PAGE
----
Testament of Youth
Starring Alicia Vikander, Kit Harrington, Colin Morgan, Taron Egerton, Dominic West, Emily Watson, Miranda Richardson
James Kent’s Testament of Youth is based on the autobiography of Vera Brittain who is portrayed on screen by Alivia Vikander (Ex Machina, A Royal Affair). The story takes the female point of view during WWI as she watches her future ambitious crumble and the men in her life disappear one by one. Vikander continues to challenge herself on screen across all genres with roles that showcase her range. Testament of Youth understands the popularity of Kit Harrington (Game of Thrones) by using his status to bring attention to the film both in marketing and giving his character more depth than the other supporting faces.
Literally begging to apply to Oxford, Vera Brittian (Vikander), finally receives the approval and money from her father (West) and gets into the prestigious college who only recently began accepting women. Before the first term, war breaks out and both Vera’s older brother Edward (Egerton) and his college mate Roland (Harrington) are enlisting for their duty. Unable to focus on her love of writing, Vera drops out of Oxford and joins the nurses so she might be closer to Roland, whom she has developed feelings for. The more loss she experiences, the closer to danger Vera travels. By the end of war, the young ambitious girl begging to attend Oxford has disappeared into a grieving woman vowing never to forget those she has lost.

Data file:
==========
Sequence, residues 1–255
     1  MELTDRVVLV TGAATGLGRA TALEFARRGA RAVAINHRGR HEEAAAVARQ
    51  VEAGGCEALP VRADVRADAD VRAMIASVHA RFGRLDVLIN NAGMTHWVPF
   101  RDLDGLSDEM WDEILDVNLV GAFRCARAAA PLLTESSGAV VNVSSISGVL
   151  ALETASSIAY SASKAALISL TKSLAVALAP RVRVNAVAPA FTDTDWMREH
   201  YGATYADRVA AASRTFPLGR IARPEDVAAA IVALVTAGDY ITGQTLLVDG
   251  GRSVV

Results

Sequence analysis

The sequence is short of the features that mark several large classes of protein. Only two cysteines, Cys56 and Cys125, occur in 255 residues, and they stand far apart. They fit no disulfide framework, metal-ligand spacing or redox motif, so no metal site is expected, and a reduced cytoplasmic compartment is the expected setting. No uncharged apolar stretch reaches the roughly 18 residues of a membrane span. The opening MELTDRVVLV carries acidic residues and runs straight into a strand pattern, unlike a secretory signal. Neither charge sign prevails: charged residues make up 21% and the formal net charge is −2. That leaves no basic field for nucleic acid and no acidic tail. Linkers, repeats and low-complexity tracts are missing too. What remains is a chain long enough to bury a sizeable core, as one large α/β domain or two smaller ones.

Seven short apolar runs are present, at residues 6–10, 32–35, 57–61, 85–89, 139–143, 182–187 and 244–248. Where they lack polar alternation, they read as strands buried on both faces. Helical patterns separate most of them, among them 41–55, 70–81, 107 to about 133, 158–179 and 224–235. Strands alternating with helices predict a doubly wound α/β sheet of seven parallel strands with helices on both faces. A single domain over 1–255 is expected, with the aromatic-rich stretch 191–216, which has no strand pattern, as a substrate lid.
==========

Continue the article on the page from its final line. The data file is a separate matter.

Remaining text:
At various points in the film I scratched my head, eager to find out what we are supposed to gain from Vera’s story.
Testament of Youth begins as one film, something we think we recognize and understand, an Elizabeth Bennett type female, ignoring the gender structures of her era in favor of education and higher learning. However, before we can see the fulfillment of that stereotype she falls in love, war breaks out, and the story takes a different path. The film’s tone ends up abandoning Pride & Prejudice and hurdles more toward Atonement, as the audience struggles to understand the ever changing narrative. At various points in the film I scratched my head, eager to find out what we are supposed to gain from Vera’s story. Is it simply war through the eyes of females, is it a story about loss, or is it just a coming of age story during a specific period of time?
“All of us are surrounded by ghosts, now we must learn how to live with them,” a friend tells Vera. In her previous films Vikander is delegated to (powerful) supporting performances, now she is being given the task of carrying a film on her own, relatively unknown mainstream shoulders. It’s her strong yet delicate performance in combination with the suspense of “who will survive” that makes Testament of Youth more than just another stuffy war era drama. I also couldn’t help but be reminded of Richard Attenborough’s In Love & War starring Sandra Bullock as a war time nurse, while that film had more drama and romance, here we get a more accurate portrayal of war. Often slow moving but beautifully captured on screen, this film makes an admirable debut for director Kent and proves Vikander a worthy leading lady.
Vikander continues to further her strength as an international actor.